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Copy of AP Bio- Ecology 1: Behavior

1 of 6 of my Ecology Unit. Image Credits: Biology (Campbell) 9th edition, copyright Pearson 2011, & The InternetProvided under the terms of a Creative Commons Attribution-NonCommercial-ShareAlike 3.0 Unported License. By David Knuffke
by

Paul Osterman

on 9 April 2015

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Transcript of Copy of AP Bio- Ecology 1: Behavior

Behavior
Organism
Population
Community
Ecosystem
Biome
Biosphere
Where Are We?
Ecology is the study of organism interactions with each other and the enviornment.

Ecological processes occur at multiple levels of organization on Earth.

Each level of organization emerges from the processes of the level below it
Behavior is an Organism-Level phenomenon.
Anything an organism does, and how it does it.
Big Question:
Make Sure You Can
2 Kinds of Behaviors
Innate
Learned
Behavior Evolves
Behavior Requires Communication
Done by plants or animals.

Communication takes many forms. It always involves a
signal
being transmitted and recieved.
Chemical Signals
Symbolic Signals
Innate behaviors are entirely under genetic control
learning requires experience
Simple Innate Behaviors
Complex Innate Behavior
Imprinting
5 Types of Learning
Spatial
Cognition
Associative
Social
Proximate vs. Ultimate Explanations
Proximate
: relates to how a behavior occurs.

Ultimate
: relates to why a behavior is occurs.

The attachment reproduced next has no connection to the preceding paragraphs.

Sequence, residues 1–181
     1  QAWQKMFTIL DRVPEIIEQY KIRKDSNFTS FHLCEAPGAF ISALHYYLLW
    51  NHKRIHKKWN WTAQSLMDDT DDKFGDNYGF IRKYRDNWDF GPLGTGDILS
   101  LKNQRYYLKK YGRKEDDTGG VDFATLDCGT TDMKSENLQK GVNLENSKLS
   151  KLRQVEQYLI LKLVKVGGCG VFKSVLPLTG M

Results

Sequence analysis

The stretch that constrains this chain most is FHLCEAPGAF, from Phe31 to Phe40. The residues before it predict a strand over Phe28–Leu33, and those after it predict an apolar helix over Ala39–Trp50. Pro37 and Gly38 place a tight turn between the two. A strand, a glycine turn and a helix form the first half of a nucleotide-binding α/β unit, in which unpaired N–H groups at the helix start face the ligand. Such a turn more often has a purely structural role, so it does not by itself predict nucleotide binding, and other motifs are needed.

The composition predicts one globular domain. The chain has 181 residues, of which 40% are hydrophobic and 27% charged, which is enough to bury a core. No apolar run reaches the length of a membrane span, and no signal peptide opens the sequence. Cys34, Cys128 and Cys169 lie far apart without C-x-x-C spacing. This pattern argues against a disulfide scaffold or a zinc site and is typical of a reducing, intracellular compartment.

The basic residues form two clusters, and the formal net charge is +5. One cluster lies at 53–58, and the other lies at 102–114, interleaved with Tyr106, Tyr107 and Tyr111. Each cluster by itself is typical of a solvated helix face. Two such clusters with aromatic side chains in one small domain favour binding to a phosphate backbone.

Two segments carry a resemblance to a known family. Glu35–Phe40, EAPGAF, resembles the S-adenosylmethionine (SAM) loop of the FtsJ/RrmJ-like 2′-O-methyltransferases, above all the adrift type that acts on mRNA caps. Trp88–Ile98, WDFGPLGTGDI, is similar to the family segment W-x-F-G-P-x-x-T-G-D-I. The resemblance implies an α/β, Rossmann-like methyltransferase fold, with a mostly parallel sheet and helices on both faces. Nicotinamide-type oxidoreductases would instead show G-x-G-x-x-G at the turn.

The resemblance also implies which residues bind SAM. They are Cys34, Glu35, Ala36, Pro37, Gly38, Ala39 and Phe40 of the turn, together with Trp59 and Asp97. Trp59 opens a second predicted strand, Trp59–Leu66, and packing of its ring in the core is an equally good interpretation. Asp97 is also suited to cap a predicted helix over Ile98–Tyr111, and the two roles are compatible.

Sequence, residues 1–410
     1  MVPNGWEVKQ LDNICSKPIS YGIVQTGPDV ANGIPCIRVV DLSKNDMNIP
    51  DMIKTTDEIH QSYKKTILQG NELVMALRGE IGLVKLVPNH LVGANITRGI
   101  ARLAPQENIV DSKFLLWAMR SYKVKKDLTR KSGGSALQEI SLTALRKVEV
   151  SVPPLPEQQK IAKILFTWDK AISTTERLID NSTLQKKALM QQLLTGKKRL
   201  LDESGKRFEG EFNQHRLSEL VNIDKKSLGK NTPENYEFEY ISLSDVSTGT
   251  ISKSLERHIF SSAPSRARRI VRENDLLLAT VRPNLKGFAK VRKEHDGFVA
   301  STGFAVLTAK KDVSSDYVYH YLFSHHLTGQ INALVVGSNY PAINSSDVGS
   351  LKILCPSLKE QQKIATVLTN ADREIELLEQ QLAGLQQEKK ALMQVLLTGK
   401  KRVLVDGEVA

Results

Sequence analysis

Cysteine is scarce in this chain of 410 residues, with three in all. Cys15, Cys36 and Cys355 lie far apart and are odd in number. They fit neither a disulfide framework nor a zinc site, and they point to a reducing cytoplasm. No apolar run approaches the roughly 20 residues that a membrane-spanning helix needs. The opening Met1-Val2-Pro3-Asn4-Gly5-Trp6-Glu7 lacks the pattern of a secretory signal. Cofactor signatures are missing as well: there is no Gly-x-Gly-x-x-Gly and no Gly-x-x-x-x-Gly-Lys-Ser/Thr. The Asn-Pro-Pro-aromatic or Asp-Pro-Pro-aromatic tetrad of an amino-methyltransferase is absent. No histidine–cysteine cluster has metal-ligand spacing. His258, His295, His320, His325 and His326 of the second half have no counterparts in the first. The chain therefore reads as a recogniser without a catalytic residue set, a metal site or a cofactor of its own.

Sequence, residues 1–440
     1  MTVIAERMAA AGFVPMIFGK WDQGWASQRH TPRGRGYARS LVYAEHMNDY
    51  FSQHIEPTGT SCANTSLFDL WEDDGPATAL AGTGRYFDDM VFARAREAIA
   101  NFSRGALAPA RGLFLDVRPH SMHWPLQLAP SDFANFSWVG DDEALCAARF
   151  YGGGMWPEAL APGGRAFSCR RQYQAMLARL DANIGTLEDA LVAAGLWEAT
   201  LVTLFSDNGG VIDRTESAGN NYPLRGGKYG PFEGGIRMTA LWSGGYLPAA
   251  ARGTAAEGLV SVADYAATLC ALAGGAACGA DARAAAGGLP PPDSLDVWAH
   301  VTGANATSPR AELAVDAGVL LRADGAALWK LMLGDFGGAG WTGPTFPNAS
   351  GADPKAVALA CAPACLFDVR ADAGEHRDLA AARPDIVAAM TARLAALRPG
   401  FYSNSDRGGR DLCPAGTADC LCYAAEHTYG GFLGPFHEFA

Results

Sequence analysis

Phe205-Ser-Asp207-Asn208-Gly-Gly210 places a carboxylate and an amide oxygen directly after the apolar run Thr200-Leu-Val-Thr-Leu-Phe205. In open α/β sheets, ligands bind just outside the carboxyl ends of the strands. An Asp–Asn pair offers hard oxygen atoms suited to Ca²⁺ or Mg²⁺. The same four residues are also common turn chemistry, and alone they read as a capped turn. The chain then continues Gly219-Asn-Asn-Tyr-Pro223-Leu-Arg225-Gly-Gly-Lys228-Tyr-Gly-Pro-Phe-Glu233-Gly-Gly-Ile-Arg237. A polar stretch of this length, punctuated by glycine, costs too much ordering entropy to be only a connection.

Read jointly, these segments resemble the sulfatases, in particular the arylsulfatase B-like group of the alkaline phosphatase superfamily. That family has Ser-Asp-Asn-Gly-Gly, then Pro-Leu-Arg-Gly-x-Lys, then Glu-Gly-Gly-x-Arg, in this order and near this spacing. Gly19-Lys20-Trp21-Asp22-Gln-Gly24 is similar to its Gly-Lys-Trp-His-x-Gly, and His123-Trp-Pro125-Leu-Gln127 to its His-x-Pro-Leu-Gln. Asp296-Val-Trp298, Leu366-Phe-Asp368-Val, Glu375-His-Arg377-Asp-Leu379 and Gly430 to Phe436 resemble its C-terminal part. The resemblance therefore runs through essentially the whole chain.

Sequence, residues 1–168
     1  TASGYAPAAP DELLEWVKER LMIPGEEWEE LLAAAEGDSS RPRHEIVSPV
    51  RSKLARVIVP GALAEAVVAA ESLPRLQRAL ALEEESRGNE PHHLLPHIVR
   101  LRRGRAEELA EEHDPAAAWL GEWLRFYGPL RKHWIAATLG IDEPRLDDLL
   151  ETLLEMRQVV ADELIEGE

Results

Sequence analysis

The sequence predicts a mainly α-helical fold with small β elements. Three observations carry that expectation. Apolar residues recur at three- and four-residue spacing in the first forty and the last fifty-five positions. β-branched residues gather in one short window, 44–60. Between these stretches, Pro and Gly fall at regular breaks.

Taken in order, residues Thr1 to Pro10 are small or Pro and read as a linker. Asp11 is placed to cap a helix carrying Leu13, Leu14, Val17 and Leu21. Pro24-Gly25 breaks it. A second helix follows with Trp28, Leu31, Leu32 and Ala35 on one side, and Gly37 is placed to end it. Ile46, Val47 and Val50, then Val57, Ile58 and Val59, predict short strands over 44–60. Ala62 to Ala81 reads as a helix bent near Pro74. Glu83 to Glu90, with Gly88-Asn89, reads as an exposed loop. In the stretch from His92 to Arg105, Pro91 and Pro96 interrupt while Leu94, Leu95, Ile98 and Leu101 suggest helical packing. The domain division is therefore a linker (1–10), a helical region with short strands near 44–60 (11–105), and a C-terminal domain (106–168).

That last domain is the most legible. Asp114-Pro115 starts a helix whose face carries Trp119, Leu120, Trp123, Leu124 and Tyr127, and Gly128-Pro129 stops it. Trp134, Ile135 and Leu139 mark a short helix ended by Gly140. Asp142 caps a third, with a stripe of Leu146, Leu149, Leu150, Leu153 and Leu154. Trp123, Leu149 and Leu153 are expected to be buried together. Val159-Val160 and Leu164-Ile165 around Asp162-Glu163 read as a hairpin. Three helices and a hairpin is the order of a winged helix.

How is this
happening?
Why is this
happening?
Ethology
: The study of behavior
Substances in the environment, or
pheromones
produced by other organisms can serve as chemical signals
Multiple lineages of animals have evolved symbolic methods of communication, where information is encoded in abstracted symbols (calls, gestures).
Ex: Minnows in a tank responding to an alarm substance (a chemical on the skin of a predatory fish).
Ex: Honeybee workers communicate the location of nectar sources to hive mates via a "
waggle dance
".
Swagga? More like "Swaggle"
Symbolic communication has increased in complexity and diversity over evolutionary time.
Chemical signals can contribute to very complex behaviors (e.g. ant colonies).
Fixed Action Patterns:
Highly stereotypical behaviors that are triggered by a "
sign stimulus
", and that are completed once initiated.
Ex: The aggression response in male 3-spine sticklebacks (
a
.) is initiated whever an object with a red underside (
b
.- bottom 4 objects) is presented to a male.
While there is a limit on the amount of behavioral complexity that can be genetically programmed, there are many examples of complex innate behaviors.
Ex: Mating rituals in Drosophila involve several distinct and complex behaviors.
Young animals go through a "
critical period
" whereafter they follow the organisms present during the period.
Ex: Imprinting in young geese and other birds.
Footage of Lorenz and his geese
Refers to the most complex types of learned behavior, that rely upon multiple mental processes (awareness, recall, reasoning, evaluation) to accomplish.
Ex: An experiment that demonstrates support for the hypothesis that honeybees can remember and distinguish "same" from "different"
The establishment of memories that reflect the physical structure of the environment.
Ex: Association of physical markers (pinecone ring) with nest location in Digger wasps.
The spatial education of mouse 109
Learning through observation and interaction with other individuals.
Ex: A young chimpanzee learns to crack nuts by observing an elder.
Connecting one environmental feature with another.
Ex: A bluejay learns to associate eating a monarch butterfly with subsequent vomiting.
B.F. Skinner: "Operant Conditioning"
Question #3
It would be unwise to think of these two things as completely seperate.

Why?
1. Behavior and Genetics
2. Behavior and the Environment
3. Behavior and Fitness
4. Altruism